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Chapter: 11th Political Science : Chapter 7 : Political Thought

Karl Marx - Political Thought

Topic : Introduction – Works of Marx: Communist Manifesto – Das Kapital – Central Ideas: Dialectical Materialism – Theory of Surplus Value – Class Struggle And Revolution – Dictatorship of The Proletariat – Withering away of The State – Assessment - Questions

Karl Marx


Karl Marx is one of the few people who changed the way we see the world. For Marx, any theory should not only support in understanding the world around, but be a step towards transforming the world. His works – Communist Manifesto, Materialistic Conception of History and Das Capital, are a culmination of various economic ideas, channelled towards the single goal of self- emancipation of working class. It is important to know that, Marxism draws many elements from earlier thinkers like Hegel, Comte de Saint-Simon, J. C. L. de Sismondi, David Ricardo, Charles Fourier, and Louis Blanc.

Second half of the 18th century and 19th century witnessed the growth of Socialism in Europe. This period was also known as dual revolution era, wherein politically France witnessed the Revolution of 1789, which overthrew absolute monarchy and republic was proclaimed with liberty, equality and fraternity declared the right of every Frenchman. Second important revolution during this period that had a long lasting impact on Europe was the Industrial Revolution. These two events had a major impact on Marx’s work.


Works of Marx

The Communist Manifesto

The history of all hitherto existing society is the history of class struggle.

The Communist Manifesto (1848) is a collaborative work of Karl Marx and Friedrich Engels.

It was a product of the social, economic and political turmoil that characterized Europe before 1850. This essay explains the social change through revolution. The Communist Manifesto goes on to argue that the nature of that class struggle varies according to the nature of production. Hence in feudal societies, where the main form of production was agriculture, the class struggle was between those who owned the land and those who worked on it. In a modern industry, the struggle is between the bourgeoisie (factory or business owners) and the proletariat (workers in the factory). In reality the society as a whole is more and more splitting up into two great hostile camps, into two great classes directly facing each other – bourgeoisie and proletariat. It is in this premise that Marx and Engels vouch that “the history of all hitherto existing society is the history of class struggle”.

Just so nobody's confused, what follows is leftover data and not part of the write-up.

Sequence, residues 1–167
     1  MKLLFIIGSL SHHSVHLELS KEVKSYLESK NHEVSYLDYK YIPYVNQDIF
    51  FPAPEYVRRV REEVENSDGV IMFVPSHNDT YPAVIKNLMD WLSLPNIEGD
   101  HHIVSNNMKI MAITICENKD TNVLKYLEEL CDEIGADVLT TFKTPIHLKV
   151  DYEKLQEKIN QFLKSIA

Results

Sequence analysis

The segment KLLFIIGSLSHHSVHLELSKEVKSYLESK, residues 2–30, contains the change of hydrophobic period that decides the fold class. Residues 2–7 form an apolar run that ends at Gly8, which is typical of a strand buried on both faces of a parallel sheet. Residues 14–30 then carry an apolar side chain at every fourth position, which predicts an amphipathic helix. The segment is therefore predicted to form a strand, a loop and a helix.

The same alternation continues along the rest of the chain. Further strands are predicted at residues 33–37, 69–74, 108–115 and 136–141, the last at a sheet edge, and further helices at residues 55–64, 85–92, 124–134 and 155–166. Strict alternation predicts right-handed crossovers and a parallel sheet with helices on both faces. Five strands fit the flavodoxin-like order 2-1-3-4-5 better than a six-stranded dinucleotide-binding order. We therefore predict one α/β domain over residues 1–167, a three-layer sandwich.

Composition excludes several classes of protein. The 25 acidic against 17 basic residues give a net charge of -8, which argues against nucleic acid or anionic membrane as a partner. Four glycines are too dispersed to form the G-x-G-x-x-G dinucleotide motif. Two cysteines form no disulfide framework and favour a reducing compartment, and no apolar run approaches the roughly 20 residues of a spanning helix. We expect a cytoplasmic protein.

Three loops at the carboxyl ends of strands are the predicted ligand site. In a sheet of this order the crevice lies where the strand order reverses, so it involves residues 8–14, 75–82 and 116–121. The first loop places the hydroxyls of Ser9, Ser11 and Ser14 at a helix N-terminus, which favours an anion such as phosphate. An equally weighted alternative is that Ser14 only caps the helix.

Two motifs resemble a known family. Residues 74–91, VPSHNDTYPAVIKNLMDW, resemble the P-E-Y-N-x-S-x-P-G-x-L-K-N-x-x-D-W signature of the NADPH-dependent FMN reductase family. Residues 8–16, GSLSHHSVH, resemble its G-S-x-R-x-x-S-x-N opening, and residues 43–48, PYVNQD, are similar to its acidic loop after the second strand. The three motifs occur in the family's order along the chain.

In conclusion the Communist Manifesto simply places two ideas side by side; “to raise the proletariat to the position of the ruling class” and “to win the battle of democracy”. Marx in this work also emphases that the communist should aim to replace private property with public control of all properties. Marx and Engels may not have changed the world, but they certainly changed the way we interpret it. The historical significance of the Communist Manifesto is that virtually all socialist parties, from the Communist Party of China to the Trotskyite sect, owe a lesser or greater debt to the ideas expressed in its pages.

Das Capital


Marx ’s masterpiece, Das Capital, the “Bible of the working class,” as it was officially described was published in 1867 in Berlin. Only the first volume was completed and published in Marx’s lifetime. The second and third volumes, unfinished by Marx , were edited by Engels and published in 1885 and 1894. The first volume deals with the process of production of capital; the second volume deals with the process of circulation of capital; the third volume deals with the totality of the process of capitalist production.


Dialectical Materialism


Dialectical Materialism is a philosophical approach to reality derived from the teachings of Karl Marx and Friedrich Engels. In theory dialectical materialism provides both a general world view and a specific method for the investigation of scientific problems. Marx and Engels look at every basic sections of society as materials and change in society takes place only through “the struggle of opposites”. Materialism principally dealt with social world. The material world has always been in constant motion, contradictions and change. Marx believes that friction caused by constant motion in the society leads to contradictions within the society, which eventually leads to change in the society. Dialectical Materialism relates to the process of change in the society.


Theory of Surplus Value